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Thursday, March 6, 2014

Genetic analysis of asthma distinguishes subphenotypes



About 50% of asthmatics that are genetically screened have T helper type 2 (Th2)-driven inflammation that is characterized by improved symptoms with inhaled corticosteroid response, higher IgE levels, and higher peripheral blood eosinophils.  While this genetic profiling is highly valuable by elucidating the pathogenesis of asthma and tailoring individual treatment regimens, bronchial airway epithelium brushings are invasive which limits its application to childhood asthma research.  This realization led Poole et al to determine if less invasive nasal airway epithelium brushings can proxy expression changes seen in the bronchial airway transcriptome in children with asthma (J Allergy Clin Immunol 2014, 133(3): 670-678)

In a cohort of Puerto Rican children, the authors used whole transcriptome RNA sequencing (RNA-seq) on nasal airway brushings from 10 controls and 10 subjects with asthma and targeted RNA-seq on 50 asthmatics and 50 controls to profile 105 genes. The results were compared to established bronchial and small airway transcriptomes.  They found 90% overlap in expressed genes between the nasal and bronchial transcriptomes.  Clustering analysis identified Th2-high and Th2-low subjects differentiated by the expression of 70 genes including the Th2 cytokines IL-13 and IL-5 which were activated in Th2-high subjects. Furthermore, Th2-high subjects were more likely to have atopy, atopic asthma, high blood eosinophils, and rhinitis compared to Th2-low subjects.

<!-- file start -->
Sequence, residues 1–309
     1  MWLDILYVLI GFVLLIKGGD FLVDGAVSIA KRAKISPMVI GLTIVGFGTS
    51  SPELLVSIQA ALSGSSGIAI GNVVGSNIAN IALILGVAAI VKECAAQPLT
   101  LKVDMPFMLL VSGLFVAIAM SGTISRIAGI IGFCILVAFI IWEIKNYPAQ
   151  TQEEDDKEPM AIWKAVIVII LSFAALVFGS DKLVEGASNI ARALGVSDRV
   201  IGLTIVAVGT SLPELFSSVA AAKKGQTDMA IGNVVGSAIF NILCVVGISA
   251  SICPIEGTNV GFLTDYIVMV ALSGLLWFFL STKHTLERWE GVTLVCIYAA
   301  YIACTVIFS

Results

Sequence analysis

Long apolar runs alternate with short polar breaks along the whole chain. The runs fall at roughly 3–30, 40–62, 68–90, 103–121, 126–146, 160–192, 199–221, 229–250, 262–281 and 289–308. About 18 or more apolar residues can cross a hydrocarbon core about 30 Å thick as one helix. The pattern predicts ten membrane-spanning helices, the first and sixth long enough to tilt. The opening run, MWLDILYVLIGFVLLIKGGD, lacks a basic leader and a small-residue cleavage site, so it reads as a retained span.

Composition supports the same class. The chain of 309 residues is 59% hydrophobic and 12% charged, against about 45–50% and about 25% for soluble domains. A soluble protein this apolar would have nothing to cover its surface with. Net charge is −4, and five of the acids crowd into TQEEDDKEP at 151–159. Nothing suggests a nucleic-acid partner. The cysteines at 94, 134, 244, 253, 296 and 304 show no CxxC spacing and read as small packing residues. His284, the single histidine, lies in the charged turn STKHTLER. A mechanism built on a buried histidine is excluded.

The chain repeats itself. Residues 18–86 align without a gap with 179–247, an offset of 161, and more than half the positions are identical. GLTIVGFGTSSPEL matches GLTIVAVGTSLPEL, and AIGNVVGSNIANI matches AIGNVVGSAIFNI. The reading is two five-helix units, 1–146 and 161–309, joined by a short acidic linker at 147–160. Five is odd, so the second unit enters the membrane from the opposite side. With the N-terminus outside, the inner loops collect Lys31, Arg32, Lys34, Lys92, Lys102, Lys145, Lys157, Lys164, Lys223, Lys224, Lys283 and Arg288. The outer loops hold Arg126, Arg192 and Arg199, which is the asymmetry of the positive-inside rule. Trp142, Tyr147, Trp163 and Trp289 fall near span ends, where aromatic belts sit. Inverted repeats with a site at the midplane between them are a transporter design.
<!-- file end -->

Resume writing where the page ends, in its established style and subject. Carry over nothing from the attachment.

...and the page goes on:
Their results indicate that nasal airway gene expression profiles largely recapitulate expression profiles in the lung and can be used to identify the Th2-high subphenotype of children with asthma.  The genetic information in nasal airway brushings can easily and effectively identify individuals with IL-13 driven asthma and a Th2-skewed systemic immune response.  Poole shows that this type of analysis identifies Th2 airway inflammation as part of the mechanistic basis of asthma in atopic individuals and it can be used to identify other genes that are dysregulated in asthma but independent of atopic status.  While larger and more diverse population studies are required, this data is valuable in both research and clinical settings. 

See below for an interview between Dr. Donald Leung, Editor-in-Chief of the Journal, and Dr. Max Seibold, one of the authors of the article:

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